Here’s your academic minutiae for the week. I accepted a tenure-track job offer in February. Here are the roadblocks my wife and I encountered on the path to home ownership in our new city:
Roadblock #1. We contacted a real estate agent in March about house hunting in Cincinnati. She suggested we get pre-approved for a mortgage. We contacted multiple traditional and online lenders. No one can approve a mortgage more than 3 months out from the start date of a new job. Many won’t approve more than 2 months out. As my start date is August 15th, searching in March didn’t work.
Roadblock #2. Our real estate agent, who we had only talked with over the phone, wanted us to sign a buyer’s agreement that said we would use her on any housing purchase over the next 12 months. We hadn’t met her yet and didn’t know if we would get along with her or if she would do a good job. Such an agreement is non-standard and not necessary. We “fired” her. Later, we would find an agent without any buyer’s contract or agreement.
Roadblock #3. If you are moving to a different city, you won’t necessarily know the area or which communities to consider. Members of your new department can provide suggestions, but you’ll have to find a good fit for yourself. This may entail one or more house hunting trips. Luckily for us, Cincinnati is only ~3 hours from Bloomington, so it was a relatively short trip. However, once we started looking again in late May, it took 3 multi-day trips to finally find a house we were interested in. We had an accepted offer on June 1st, with a closing date of July 13th. If your new city is further away, you probably won’t have the luxury of multiple trips. Many people rent for the first year to give themselves time to learn the area and to house-hunt while in town.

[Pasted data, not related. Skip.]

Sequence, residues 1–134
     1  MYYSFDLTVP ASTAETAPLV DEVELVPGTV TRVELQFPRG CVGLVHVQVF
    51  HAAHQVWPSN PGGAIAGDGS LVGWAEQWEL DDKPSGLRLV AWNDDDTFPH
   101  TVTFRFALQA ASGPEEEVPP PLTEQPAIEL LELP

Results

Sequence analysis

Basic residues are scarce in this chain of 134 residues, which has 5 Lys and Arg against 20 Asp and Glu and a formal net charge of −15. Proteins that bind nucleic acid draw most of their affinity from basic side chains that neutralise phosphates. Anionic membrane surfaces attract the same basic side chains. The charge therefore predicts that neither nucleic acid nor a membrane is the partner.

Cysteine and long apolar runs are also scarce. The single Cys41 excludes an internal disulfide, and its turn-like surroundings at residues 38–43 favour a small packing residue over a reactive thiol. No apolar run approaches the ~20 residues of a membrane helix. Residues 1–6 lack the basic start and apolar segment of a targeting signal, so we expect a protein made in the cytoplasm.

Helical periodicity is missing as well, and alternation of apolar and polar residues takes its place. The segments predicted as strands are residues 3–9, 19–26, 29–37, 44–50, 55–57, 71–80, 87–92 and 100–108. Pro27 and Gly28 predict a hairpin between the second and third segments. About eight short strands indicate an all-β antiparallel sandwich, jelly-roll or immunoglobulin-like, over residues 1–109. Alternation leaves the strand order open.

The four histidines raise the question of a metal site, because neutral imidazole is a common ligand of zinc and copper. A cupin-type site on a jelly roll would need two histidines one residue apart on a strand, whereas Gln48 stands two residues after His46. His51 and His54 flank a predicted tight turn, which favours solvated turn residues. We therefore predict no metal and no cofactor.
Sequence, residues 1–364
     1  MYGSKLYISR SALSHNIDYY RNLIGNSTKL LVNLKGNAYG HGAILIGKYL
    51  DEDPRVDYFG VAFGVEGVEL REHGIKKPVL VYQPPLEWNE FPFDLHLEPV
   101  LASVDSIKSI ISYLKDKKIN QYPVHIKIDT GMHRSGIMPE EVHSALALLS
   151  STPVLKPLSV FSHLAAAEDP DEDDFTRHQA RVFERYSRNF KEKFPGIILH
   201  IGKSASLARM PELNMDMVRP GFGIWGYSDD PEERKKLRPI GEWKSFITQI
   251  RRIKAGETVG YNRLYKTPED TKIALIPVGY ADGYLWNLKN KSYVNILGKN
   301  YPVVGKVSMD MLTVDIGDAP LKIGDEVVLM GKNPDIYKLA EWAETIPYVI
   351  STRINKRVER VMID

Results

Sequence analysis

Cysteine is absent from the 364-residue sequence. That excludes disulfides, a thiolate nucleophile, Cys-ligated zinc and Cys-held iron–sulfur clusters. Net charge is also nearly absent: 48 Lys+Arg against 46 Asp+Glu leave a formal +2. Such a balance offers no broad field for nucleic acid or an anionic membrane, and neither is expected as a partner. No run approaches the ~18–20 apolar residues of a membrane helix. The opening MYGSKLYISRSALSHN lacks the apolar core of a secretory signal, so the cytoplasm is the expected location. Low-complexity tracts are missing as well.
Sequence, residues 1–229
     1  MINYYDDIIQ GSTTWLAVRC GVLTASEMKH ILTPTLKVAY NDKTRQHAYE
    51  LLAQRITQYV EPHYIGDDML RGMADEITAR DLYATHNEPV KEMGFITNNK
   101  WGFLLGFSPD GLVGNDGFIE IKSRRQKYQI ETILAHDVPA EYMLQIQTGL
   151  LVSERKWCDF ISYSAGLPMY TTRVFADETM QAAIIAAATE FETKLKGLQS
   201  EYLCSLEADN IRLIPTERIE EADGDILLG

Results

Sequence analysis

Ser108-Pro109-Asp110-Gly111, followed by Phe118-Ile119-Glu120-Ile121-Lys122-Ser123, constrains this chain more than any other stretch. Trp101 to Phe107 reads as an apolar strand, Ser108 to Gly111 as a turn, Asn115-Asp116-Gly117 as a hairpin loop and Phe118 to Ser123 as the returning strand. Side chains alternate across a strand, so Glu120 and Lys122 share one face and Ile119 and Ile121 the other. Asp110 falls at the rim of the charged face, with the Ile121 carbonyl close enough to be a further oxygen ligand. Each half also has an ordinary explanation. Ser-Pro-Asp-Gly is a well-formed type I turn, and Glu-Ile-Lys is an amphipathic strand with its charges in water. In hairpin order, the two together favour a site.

Roadblock #4. The first lender we contacted in June would not approve any loan based on a job offer, so that was a non-starter.
Roadblock #5. The second lender we contacted (who had great rates online), was willing to approve based on a job offer. However, after multiple days, the lender came back and said that it could only approve if the job offer does not have any contingencies. My offer is contingent on a background check, a review of my academic transcripts, and a drug test. None of those will be issues, but I will not clear the contingencies until late July. As such, this lender wasn’t going to work for a July 13th closing date. We had to find a local lender who was familiar with job offers from my new university and was willing to ignore the contingencies.
Roadblock #6. We recommend putting an inspection contingency on any house offer you submit, so that you can back out of the deal if major issues show up during inspection. It’s highly recommended that buyers attend the inspections of the house they are buying. It is difficult to schedule inspections to align with your schedule, and this will often entail an extra trip to the new city. We were able to get a home inspector and chimney inspector to arrive at the same time on June 8th, one week after our accepted offer. Unfortunately for us, the inspection revealed several flaws in the house that we were unwilling to deal with. We asked for a release from the contract based on the inspection contingency.
Roadblock #7. After our contract release, it would be nearly impossible to find a new house with a closing date in July. Our lease in Bloomington ends at the end of July and there is no way to extend it. I don’t want to move our stuff into storage for any length of time. As such, we were out of options for buying a house. We will be renting next year in a single-family house that meets all the criteria of the house we were going to purchase (3+ beds, 2+ baths, garage, flat yard).
Good luck house hunting! Know that it is difficult with an academic job offer.